Large Comb removal
Placing the combs in the new hive

After the beekeepers were finished they immediately drove them to our house for their new home. We gathered some important pointers from the professionals and started our new beekeeping adventures. We purchased the hive and frames from the beekeeper and found a local hive builder for the smoker and tools we would need.

Now for their new home!

Being new to beekeeping we depended on the beekeeper to give us advice and guidance to make sure that our bees would be stable and continue building out the hive. If you are inexperienced in beekeeping, I suggest you do this to be sure the hive will survive and allow them to monitor the hive, making sure the hive still has a queen bee and no diseases. Without a queen, it wont last.

In Part 2, I will highlight our experiences with beekeeping at home and give you some suggestions on purchasing hives and equipment.

 

 

How To: Digging a well on your property

 

Your typical Pitcher Pump

 

I know I have often thought about drilling a well or simply being satisfied with a public water system on our property.  Many times the costs are less when connecting to a public water supply, but the water isn’t always the best! After all, water just isn’t something you can do without, right?  In this instance, I will give you some ways to have supplemental water sources for your garden or watering your lawn!

If your property has soft, sandy soil or loose gravel on top of a shallow water table, here are three cost-effective ways of drilling your own backyard water well. On the other hand, if the water table is 150 to 300 feet below the surface, use a portable drilling rig, or hire a contractor for the project.  Well Drilling Contractors can be a good source for telling you if your area is suitable or possible for a well. Deep well water is usually potable — provided it passes certain tests performed by an approved laboratory. If not, your deep well should produce enough water for a sophisticated irrigation system.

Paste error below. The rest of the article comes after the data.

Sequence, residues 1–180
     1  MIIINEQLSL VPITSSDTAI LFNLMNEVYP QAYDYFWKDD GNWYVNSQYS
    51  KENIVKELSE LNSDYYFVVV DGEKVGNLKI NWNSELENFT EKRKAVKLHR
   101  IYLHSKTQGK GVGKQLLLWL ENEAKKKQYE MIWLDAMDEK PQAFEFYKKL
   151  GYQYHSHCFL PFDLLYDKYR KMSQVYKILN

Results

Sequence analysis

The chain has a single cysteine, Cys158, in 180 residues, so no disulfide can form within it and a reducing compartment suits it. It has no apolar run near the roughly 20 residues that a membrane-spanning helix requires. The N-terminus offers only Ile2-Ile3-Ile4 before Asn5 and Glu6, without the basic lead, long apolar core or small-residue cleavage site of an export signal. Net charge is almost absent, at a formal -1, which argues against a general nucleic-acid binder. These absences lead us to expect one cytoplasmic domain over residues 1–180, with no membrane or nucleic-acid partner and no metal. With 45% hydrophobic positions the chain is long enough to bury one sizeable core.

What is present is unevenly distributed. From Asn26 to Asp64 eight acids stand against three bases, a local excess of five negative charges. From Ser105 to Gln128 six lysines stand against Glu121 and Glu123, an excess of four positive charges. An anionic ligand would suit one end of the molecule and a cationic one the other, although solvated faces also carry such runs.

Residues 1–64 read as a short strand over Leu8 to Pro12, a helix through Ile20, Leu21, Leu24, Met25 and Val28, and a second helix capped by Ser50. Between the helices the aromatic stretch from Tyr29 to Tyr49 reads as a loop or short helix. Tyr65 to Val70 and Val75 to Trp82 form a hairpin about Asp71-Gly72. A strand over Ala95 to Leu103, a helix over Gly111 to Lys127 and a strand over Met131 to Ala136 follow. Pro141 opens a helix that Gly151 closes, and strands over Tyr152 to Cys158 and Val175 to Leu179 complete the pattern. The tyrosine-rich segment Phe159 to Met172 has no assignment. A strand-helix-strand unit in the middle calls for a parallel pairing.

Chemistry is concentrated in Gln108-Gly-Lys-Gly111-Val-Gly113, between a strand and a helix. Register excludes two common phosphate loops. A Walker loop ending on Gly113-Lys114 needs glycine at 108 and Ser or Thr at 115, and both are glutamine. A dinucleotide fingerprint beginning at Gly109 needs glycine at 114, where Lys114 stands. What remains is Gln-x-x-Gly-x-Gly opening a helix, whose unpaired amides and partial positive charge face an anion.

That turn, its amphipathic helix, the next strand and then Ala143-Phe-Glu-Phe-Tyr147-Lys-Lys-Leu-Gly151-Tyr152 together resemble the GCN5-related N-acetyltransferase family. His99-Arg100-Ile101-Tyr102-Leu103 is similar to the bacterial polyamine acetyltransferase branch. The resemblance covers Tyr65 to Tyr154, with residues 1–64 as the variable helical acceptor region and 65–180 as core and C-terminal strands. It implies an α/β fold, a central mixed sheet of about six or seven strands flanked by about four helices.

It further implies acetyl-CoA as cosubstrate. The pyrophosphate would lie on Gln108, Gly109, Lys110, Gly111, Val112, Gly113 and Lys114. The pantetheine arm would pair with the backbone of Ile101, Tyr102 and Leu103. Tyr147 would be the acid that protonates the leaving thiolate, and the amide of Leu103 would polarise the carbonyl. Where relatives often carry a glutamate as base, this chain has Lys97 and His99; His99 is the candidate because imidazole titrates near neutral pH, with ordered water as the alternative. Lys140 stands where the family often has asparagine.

Check your Zoning Laws and the Water Table

  • Check your local suburban zoning laws before planning a well or purchasing equipment — some cities do not allow private water wells. On the other hand, if your local ordinance allows backyard wells, apply for the relevant permits and ask for the location of municipal utility cables and pipes on your property before proceeding. Once this is done, establish the approximate depth to water table by either checking the depth of nearby wells or hiring a hydrologist to perform a survey of your immediate area.

Driving a Wellpoint

  • A wellpoint is a perforated pipe fitted with a hardened point that is driven into the ground by hand. The openings in the pipe are large enough to allow water to enter but small enough to keep water-bearing gravel out of the pipe. Wellpoints vary in diameter from 1 1/4 to 2 inches, with lengths between 18 and 60 inches. After the initial drive point is hammered into the ground, subsequent pipes are attached to the ends with specially designed drive point couplings. Pipes are added until the perforated end penetrates the water table by 2 to 6 feet. Wellpoint extraction only works when driven into a high water table, 10 to 15 feet below the ground. Once installed, about 5 or 6 gallons per minute can be pumped out using a pitcher pump or a shallow well pump.